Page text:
Press release: Bedford Music In Detention Closes After Five Years



Press release: Bedford Music In Detention Closes After Five Years


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Contemporary arts charity, Bedford Creative Arts (BCA), and national charity, Music In Detention, have announced the end of their music programme ‘Bedford Music In Detention’ at Yarl’s Wood Immigration Removal Centre (IRC) due to an end in financial funding from public service provider Serco. 

This brings to an end ten years of helping women and children cope with the ordeal of detention at Yarl’s Wood. Music In Detention began regular music sessions there in 2008 and since 2013, BCA has led the programme at Yarl’s Wood, bringing in over 17 different artists to work with detainees through a variety of music-based workshops.  

One participant of the scheme at Yarl’s Wood said of their experience: “It was a nice surprise. It put smiles on people’s faces – I’ve seen people smiling in here who never smile”, and: “I love it and I felt so much happier in the group because this time made me forget what I’m here for and I was just free and felt good and the ladies were amazing before and in the music and after.” 

The end of the programme is a loss for Yarl’s Wood’s women and the families in residence there; the programme has worked to reduce detainees’ isolation, enabling them to realise their talents, build confidence and improve their skills. The programme has served to relieve stress and anxiety by helping detainees to express their emotions and develop new friendships and in addition to this, encouraged people from different communities to come together using music as a common language.  

“I was really tearful, I had a lot of anger in me but when we started playing music, it really made me feel calm, it lifted my mind up. I’ve got PTSD; I need music in my life. Music makes you alive, it’s a therapy. I was dancing every time you came in” commented another detainee at Yarl’s Wood on their involvement with the music programme.  

Bedford Music In Detention also delivered extensive work within the community, engaging a wide range of people whose voices are often overlooked. This included single mothers, people experiencing mental ill health, those with disabilities, young people in schools, and older people. People from all walks of life have been helped to find common ground with people in detention through the work carried out in this programme. 

“This project has made me consider what is important in life. It gave me a lot to think about and an insight into the difficulties others face. The project and communication made me more appreciative of my life now.” Community participant, Family Groups Bedford.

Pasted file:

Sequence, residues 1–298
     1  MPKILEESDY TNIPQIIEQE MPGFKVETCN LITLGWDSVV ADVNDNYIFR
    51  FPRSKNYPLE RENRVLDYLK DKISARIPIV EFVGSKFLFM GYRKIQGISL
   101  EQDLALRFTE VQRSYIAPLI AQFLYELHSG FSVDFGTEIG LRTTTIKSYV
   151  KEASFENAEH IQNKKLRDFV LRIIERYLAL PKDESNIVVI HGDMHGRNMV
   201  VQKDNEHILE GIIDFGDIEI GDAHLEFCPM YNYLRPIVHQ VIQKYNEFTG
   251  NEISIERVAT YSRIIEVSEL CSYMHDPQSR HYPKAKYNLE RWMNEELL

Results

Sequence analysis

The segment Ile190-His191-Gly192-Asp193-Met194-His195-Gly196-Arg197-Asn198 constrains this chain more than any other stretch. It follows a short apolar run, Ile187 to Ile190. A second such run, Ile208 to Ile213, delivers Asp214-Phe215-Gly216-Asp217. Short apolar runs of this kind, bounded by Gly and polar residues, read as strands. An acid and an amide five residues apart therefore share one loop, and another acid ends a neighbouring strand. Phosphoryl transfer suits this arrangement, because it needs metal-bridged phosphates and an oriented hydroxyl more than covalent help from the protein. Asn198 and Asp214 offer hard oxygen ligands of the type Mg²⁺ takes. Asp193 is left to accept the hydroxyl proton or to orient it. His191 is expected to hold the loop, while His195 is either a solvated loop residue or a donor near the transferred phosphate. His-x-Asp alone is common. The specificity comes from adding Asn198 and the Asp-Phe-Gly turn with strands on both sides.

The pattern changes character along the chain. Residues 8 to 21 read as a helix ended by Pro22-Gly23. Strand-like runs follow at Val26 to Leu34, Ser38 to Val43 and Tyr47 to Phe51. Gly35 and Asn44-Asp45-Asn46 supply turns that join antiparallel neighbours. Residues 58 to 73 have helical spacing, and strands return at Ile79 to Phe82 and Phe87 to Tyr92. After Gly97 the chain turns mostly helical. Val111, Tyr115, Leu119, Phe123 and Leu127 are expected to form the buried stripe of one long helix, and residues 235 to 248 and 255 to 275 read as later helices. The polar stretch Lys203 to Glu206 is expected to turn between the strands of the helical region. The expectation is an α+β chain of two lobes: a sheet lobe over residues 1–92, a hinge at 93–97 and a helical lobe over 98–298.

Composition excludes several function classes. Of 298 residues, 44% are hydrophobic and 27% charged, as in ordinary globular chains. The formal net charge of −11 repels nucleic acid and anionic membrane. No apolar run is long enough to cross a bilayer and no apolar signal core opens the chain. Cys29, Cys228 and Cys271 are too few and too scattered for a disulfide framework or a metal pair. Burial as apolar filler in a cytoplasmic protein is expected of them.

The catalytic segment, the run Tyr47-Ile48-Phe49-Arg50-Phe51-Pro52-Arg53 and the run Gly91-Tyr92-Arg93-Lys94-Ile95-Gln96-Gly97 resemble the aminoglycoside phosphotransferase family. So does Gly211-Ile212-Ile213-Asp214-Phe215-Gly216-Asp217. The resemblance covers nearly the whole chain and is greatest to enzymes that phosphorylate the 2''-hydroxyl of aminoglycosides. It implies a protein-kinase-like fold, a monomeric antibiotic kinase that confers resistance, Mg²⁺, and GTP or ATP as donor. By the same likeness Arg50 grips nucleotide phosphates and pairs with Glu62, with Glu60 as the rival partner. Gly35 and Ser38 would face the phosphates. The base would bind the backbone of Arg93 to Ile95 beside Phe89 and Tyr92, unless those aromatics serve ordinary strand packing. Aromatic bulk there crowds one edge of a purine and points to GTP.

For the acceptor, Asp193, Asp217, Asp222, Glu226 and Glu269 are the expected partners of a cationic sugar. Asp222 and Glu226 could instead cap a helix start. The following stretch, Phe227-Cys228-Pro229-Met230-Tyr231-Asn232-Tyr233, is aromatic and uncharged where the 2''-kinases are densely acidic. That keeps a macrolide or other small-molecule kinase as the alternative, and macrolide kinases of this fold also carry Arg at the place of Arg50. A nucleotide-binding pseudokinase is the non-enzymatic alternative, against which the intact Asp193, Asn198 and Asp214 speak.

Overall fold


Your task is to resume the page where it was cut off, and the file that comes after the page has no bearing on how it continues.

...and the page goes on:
John Speyer, director at Music In Detention says: “We’ve worked for 10 years at Yarl’s Wood, including four years in a fantastic creative partnership with Bedford Creative Arts. During this time we’ve brought communities together, made incredible music, and improved the lives of over 4500 women and children in immigration detention, and over 1000 local people. We’re very sad that Serco have decided to bring this work to an end, but immensely proud of what we have achieved and appreciate the co-operation from many of the staff at Yarl’s Wood over the years.”  

Jih-Wen, BCA’s Bedford MID producer adds: “I am proud to have been leading and developing the Bedford Music In Detention artistic programme in the past three years. The journey and experience has been phenomenal. The programme has made a great impact on the lives of many women and families who are isolated and in a very difficult situation.”  

Annie Bacon, interim chief officer of BCA concludes: “Much of our work is with communities whose voices aren’t heard. Working with Music In Detention in partnership, and with funder Harpur Trust, has enabled us to provide the women of Yarl’s Wood with an important space for expression and a connection to the wider world that has helped improve their wellbeing during their time at the centre. We are extremely disappointed that the programme has come to an end, but we look forward to continuing our partnership with Music In Detention on future projects.”  

In Numbers: 

From 2008 to 2017, Music In Detention and Bedford Creative Arts have worked with 4688 detainees, mostly women but also children (and a small number of men), as well as 1150 local people (300 participants and also audiences of 850 at performances).  


Bedford Music In Detention  

SERCO Secure Immigration Detention 

Bedford Music In Detention Projects: 

Love from Syria 

Hear Her Singing   

BedMID Choir set up in 2014   

About Music In Detention 

Music In Detention works with immigration detainees, bringing them together with professional musicians and local communities to share, create and enjoy music, enabling often-ignored voices to be heard in new ways.  We believe that music can help break down barriers of prejudice about immigration and asylum, so we work with communities local to detention centres to create music in response to detainees and their stories. We’ve been bringing expert musicians into centres since 2005. Each year we involve around 2,500 detainees and 200 community participants, in over 200 workshops and produce up to eight CDs of new music.  

About Serco: 

Serco provides secure detention services on behalf of government immigration departments. They manage facilities and provide services that ensure the safe and caring detention of people awaiting information on their asylum status.  


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